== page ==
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For chewy Japanese noodles, borrow an Italian technique

Japanese udon noodles are all about the chew, but it’s hard to replicate the texture with what’s available in American markets. Fresh udon is hard to come by.
This image released by Milk Street shows a recipe for Yakiudon with Pickled Ginger. (Milk Street via AP)

ASSOCIATED PRESS — Japanese udon noodles are all about the chew, but it’s hard to replicate the texture with what’s available in American markets.

Fresh udon is hard to come by. So for this recipe from our book “Milk Street Tuesday Nights,” which limits recipes to 45 minutes or less, we needed a solution for more widely available dry udon.

Enter the Italian technique of cooking the noodles only until al dente — still quite firm. To further firm up the texture, we chilled them by rinsing them with ice in the strainer under cold water. Even after reheating the noodles in the cooked sauce, they retained that pleasant toothsome quality that makes this vegetarian dish feel so hearty.

With the texture settled, we opted for an umami-rich sauce of soy sauce, dried shiitake mushrooms and the semisweet rice wine mirin, all balanced by a little sugar. Fresh shiitake and mild-tasting baby bok choy kept the stir-fry light.

To balance the savoriness, we turned to pickled ginger, which you can find jarred in the Asian foods section of grocery stores. For extra flavor, sprinkle on the Japanese spice blend shichimi togarashi at the table.

Be sure to start checking the udon for doneness well before the suggested cooking time. They will cook slightly more once they’re added back to the sauce.

Yakiudon with Pickled Ginger

Start to finish: 45 minutes

Servings: 4

12 ounces dried udon noodles

2 tablespoons plus 2 teaspoons grapeseed or other neutral oil, divided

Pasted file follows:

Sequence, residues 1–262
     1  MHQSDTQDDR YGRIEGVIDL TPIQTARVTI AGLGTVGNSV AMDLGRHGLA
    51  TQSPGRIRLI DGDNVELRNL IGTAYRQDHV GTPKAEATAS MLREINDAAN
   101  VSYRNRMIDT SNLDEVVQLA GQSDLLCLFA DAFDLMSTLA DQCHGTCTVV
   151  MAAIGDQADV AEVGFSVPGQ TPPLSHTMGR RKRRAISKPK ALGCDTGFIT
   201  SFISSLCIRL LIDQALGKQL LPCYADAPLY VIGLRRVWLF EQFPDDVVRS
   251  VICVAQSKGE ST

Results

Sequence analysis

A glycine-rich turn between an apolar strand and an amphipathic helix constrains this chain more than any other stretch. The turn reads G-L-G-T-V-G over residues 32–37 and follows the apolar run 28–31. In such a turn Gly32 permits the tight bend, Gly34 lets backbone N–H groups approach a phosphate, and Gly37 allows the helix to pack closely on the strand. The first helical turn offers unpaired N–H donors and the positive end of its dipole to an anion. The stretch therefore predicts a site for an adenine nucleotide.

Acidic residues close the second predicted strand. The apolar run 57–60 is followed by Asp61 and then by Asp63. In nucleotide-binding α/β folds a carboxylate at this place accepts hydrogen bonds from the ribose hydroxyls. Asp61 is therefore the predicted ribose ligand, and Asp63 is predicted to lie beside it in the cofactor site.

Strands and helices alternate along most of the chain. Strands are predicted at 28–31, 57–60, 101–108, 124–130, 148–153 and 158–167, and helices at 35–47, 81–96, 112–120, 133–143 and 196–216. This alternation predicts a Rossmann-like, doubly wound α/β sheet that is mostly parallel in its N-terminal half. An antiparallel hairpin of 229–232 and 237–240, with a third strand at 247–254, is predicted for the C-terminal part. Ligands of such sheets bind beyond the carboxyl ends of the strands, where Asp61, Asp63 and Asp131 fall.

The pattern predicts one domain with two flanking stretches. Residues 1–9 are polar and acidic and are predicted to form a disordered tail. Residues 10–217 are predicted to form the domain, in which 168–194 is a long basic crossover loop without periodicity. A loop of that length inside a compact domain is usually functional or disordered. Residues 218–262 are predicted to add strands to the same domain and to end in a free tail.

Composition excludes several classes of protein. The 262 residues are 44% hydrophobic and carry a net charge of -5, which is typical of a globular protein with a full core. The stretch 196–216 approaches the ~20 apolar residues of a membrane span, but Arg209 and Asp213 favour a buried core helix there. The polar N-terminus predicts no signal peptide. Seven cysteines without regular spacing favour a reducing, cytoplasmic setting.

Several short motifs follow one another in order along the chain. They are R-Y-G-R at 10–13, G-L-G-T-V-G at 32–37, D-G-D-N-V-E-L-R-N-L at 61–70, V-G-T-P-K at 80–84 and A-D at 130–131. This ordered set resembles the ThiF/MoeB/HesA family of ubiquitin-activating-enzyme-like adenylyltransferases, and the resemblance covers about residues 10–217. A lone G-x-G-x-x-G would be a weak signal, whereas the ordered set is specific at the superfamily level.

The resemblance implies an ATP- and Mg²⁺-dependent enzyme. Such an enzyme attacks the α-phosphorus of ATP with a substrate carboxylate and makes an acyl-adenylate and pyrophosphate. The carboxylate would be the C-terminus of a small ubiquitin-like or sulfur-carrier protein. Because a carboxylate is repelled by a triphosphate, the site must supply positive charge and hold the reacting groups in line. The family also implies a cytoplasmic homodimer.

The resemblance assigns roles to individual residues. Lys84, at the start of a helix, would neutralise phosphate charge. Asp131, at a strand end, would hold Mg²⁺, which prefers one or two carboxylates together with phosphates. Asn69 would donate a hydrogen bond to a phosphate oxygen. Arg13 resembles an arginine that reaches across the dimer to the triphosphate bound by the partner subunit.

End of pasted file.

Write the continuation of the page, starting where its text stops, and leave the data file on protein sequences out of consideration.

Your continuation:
¼ cup soy sauce

2 tablespoons mirin

1 teaspoon white sugar

3 small dried shiitake mushrooms, broken in half

8 ounces fresh shiitake mushrooms, stemmed, halved if large, thinly sliced

1 small yellow onion, halved and thinly sliced

2 medium garlic cloves, minced

12 ounces baby bok choy, trimmed and sliced crosswise 1/2 inch thick

1/2 teaspoon ground white pepper

2 scallions, thinly sliced on a bias

1 tablespoon sesame seeds, toasted

Shichimi togarashi, to serve (optional)

Pickled ginger, to serve

In a large pot, bring 4 quarts of water to a boil. Add the udon, stir well and cook until al dente. Drain using a colander, then add 2 cups of ice to the noodles. Run under cool water, tossing, until they are chilled. Drain well, then transfer to a large bowl. Toss with 2 teaspoons of the oil, then set aside.

In a small saucepan over medium, combine the soy sauce, ¼ cup water, mirin and sugar. Bring to a simmer, stirring, then add the dried mushrooms, pushing them into the liquid. Remove from the heat, cover and set aside until the mushrooms have softened and cooled, 20 to 30 minutes.

Remove the mushrooms from the soy sauce mixture, squeezing them to allow any liquid to drip back into the pan. Remove and discard the stems, then finely chop. Transfer to a medium bowl and set aside.

In a large nonstick skillet over medium-high, heat 1 tablespoon of the remaining oil. Add the fresh mushrooms and cook, stirring, until lightly browned and slightly shrunken, about 3 minutes. Add the onion, drizzle with the remaining 1 tablespoon oil and cook, stirring occasionally, until softened, about 3 minutes. Stir in the garlic and cook until fragrant, about 30 seconds. Add the bok choy and cook, stirring, until the leaves are wilted and the stem pieces are crisp-tender, about 2 minutes. Add to the chopped dried shiitakes.

Set the now-empty skillet over medium and add the udon, gently tossing with tongs. Add the vegetable mixture, gently toss a few times, then add the soy sauce mixture and white pepper. Cook, tossing constantly, until the noodles are heated and have absorbed most of the liquid, about 2 minutes. Transfer to serving bowls and sprinkle with scallions and sesame seeds. Serve with pickled ginger.

EDITOR’S NOTE: For more recipes, go to Christopher Kimball’s Milk Street at

Christopher Kimball, The Associated Press